I know that the Asad commentaries are highly regarded among Islamic jurists so his interpretation carries a lot of weight among Islamic scholars.

    As you may note from many of my posts, I am becoming increasingly morose about events in Malaysia. I almost have a sense of 'deja vu' - as if I have seen all this play out before in Pakistan.

    I am also very, very concerned about the spillover into Singapore.

    As you know, Singapore already has a parallel judiciary for Muslims (half-Muslims or not) and with the 'race based politics' prevalent in the region I am afraid that Singapore may start to devolve more powers to MUIS (Islamic Religious Council of Singapore) and its Mufti to further regulate the lives of Muslims in Singapore.

    You may be interested to note that I have corresponded with MUIS about a number of 'Malay' specific issues, i.e. the practice of female circumcision and the burying of a new born's placenta. You can expect to read more about both in the future.

    It is really nice of you to take the time to educate me (and other readers) about the specific Koranic verse which empowers those of us who are fighting the creeping spread of peer pressure among the region's Islamic communities.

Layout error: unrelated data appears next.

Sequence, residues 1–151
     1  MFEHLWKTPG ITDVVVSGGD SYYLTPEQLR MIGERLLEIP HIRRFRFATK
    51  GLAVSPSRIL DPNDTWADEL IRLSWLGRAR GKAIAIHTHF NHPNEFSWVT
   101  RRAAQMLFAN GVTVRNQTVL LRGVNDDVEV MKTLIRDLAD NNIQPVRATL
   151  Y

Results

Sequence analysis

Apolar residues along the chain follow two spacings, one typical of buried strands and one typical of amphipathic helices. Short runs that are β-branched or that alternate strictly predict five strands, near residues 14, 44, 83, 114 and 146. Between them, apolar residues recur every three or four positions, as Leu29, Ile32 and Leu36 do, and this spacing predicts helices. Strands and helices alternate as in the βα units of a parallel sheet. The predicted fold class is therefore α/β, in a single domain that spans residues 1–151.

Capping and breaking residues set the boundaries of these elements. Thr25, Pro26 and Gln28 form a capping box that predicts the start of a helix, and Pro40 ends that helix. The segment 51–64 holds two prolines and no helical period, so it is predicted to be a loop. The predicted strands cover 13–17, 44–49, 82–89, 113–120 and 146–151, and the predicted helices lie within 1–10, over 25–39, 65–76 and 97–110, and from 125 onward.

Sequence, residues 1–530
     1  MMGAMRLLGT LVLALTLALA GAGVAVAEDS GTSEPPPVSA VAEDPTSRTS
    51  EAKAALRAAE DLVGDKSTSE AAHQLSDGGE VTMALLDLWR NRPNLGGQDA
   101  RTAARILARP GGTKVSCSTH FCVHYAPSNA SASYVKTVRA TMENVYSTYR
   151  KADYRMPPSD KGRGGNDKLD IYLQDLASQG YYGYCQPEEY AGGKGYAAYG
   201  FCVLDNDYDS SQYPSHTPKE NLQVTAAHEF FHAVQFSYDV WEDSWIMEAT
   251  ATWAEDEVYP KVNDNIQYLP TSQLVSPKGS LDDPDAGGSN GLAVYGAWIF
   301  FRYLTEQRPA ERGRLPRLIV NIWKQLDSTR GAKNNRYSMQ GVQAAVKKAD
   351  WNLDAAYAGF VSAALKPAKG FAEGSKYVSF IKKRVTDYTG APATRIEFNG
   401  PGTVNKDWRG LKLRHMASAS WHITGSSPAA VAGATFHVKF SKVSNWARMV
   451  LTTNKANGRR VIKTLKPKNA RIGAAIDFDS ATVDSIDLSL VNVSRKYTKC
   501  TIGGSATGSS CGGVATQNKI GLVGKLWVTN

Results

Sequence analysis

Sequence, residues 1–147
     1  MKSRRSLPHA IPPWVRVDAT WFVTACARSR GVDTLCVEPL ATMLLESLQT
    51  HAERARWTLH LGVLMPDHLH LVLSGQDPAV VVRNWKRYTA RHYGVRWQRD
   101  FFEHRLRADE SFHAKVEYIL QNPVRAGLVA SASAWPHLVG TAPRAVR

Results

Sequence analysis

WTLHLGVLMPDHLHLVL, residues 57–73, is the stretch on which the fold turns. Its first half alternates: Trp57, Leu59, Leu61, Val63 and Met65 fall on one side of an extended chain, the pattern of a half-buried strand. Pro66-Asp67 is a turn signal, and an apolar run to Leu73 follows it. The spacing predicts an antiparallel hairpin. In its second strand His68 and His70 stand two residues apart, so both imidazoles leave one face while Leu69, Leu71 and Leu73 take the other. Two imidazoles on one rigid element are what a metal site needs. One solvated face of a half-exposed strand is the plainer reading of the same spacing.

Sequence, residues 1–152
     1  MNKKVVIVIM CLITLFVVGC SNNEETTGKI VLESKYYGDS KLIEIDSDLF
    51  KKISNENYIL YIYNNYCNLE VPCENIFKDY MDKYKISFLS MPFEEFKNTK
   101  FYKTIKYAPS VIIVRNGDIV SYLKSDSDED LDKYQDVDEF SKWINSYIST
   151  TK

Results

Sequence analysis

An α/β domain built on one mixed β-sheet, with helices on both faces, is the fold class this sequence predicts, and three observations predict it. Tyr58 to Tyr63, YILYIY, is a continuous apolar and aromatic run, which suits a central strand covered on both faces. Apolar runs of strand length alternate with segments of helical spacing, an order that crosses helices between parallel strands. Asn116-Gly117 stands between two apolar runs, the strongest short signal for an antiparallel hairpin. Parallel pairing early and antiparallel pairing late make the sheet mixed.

Please do keep visiting and commenting.

    Kind regards,

    Imran

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  5. I would love to see you write about female circumcision. It is a horrific barbaric practice, an African tribal custom, justified as Islamic, just as honour killings are in Pakistan, that have absolutely no basis in the Quran or Hadith. Look forward to reading more of your thoughts.

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  6. Hi Saadia,

    You are preaching to the converted!

    I think you will enjoy the article when it finally appears.

    Incidentally, the number of horror killings in countries like Jordan and even Turkey rival the numbers coming out of Pakistan. It is a far more widespread practice than one may presume.

    Kind regards,

    Imran